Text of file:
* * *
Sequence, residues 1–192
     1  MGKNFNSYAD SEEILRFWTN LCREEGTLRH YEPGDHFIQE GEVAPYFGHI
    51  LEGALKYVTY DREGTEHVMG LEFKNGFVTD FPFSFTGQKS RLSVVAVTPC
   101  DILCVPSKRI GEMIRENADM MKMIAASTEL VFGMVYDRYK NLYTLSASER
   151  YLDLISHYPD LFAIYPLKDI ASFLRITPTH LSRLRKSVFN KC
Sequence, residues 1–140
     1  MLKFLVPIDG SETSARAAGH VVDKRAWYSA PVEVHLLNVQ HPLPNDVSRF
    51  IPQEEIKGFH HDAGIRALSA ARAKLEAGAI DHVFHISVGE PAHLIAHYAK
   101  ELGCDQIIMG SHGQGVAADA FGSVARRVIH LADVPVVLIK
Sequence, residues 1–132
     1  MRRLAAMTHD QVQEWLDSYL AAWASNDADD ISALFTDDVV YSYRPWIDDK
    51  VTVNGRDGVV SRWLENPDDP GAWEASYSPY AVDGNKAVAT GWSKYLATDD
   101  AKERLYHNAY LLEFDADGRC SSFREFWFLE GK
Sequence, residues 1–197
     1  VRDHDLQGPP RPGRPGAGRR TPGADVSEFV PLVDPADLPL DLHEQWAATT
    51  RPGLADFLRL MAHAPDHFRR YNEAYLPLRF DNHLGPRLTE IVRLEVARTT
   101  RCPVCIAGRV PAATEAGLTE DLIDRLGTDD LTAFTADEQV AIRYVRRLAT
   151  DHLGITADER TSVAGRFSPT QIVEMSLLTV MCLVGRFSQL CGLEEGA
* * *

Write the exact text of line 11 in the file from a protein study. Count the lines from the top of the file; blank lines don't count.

     1  MRRLAAMTHD QVQEWLDSYL AAWASNDADD ISALFTDDVV YSYRPWIDDK